Why we need to keep discussing gender equality
Tens of thousands attended the Brunswick peace march in honour of Jill Meagher. Photo: Justin McManus
The past year has seen a spike in media stories around gender equality. Discussions around parental leave, equal pay and misogyny were prominent in the Australian media. Undoubtedly the biggest gender issue to captivate the public attention in the last year has been violence against women. We have been exposed in the last 12 months to many high profile, dramatic and horrific incidents of violence against women. The shooting death of Reeva Steenkamp, a woman burned alive in Papua New Guinea for ‘sorcery’, the shooting of Malala Yousafzai, the gang rape and death of a young Indian student, the tragic death of Jill Meagher.
As dramatic cases of gender-based violence fixate the Australian media, it is important to remember the prevalence of violence in everyday life. It is easy to fool ourselves when reading of a girl shot in the head, a woman burned alive or of a young woman shot by a Paralympic star that violence against women only happens in other countries, in sensational ways, as isolated incidents. The reality is that violence against women is one of the most pervasive human rights abuses in the world. One in three women will experience violence in her lifetime. Not all instances of violence will involve dramatic or ‘newsworthy’ acts; much of this violence will be ‘ordinary’, everyday instances of violence perpetrated by people known to the victim. Women are victims of violence when they are routinely intimidated and abused by their partners or family members, when they are denied access to their finances, when they are accused of ‘asking for it’ after sexual abuse.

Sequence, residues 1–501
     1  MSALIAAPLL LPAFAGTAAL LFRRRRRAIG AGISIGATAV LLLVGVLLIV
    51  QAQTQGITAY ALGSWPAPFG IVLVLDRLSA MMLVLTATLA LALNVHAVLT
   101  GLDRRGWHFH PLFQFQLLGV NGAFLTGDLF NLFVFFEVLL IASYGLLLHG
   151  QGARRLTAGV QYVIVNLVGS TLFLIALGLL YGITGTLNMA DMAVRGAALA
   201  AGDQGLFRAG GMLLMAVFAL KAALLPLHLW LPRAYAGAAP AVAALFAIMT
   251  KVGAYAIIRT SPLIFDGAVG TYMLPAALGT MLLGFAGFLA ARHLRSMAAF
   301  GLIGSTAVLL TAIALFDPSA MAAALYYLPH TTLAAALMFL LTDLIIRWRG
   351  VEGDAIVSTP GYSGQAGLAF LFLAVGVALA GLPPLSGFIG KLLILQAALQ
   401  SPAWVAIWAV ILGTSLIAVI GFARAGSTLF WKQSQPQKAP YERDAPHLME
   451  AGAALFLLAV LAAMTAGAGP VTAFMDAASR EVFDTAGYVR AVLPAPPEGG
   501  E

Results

It is also important to look past the sensational nature of the violence and reflect on the root causes of violence against women. UN Women believes that violence against women is a consequence of gender inequality. When women’s skills and contributions to society are not valued equally to men’s, violence against women is rationalised and tolerated. When women’s roles in society are rigidly determined, it becomes acceptable to mistreat or physically punish a woman when she behaves in a way that is deemed inappropriate. The UN Special Rapporteur on Violence Against Women, Rashida Manjoo, when visiting Papua New Guinea in March 2012 noted that sorcery allegations were commonly used as a way of depriving women of land and property. When looked at this way, the horrific killing of a young woman in PNG becomes not an isolated incident, but part of a systematic and pervasive trend of violence that occurs in all nations, to women of all backgrounds.
When looking at these pervasive instances of violence it is easy to be overwhelmed by the statistics. A woman is killed almost every week by a partner or ex-partner. Indigenous women in some rural and remote communities are up to 45 times more likely to experience violence than non-indigenous women. Women with cognitive impairments are up to 10 times more likely to be sexually assaulted than women without a disability. These statistics are staggering and represent some of the most vulnerable members of our community.
This is why it is vital that we keep discussing gender equality. It is vital that we make our voices heard when speaking against violence. It is important that we continue to spark discussions around gender equality and while there is much to celebrate in terms of how far we have come, it is important to recognise the challenges we still have to overcome.
It is prudent of all of us to have these discussions and continue having them.
Julie McKay is the Executive Director of UN Women Australia.
Daily Life is hosting a festival of ideas, conversation and debate about the issues that are most important to women. Join us for the All About Women Festival on April 7. For more information and to get your ticket, visit The Sydney Opera House.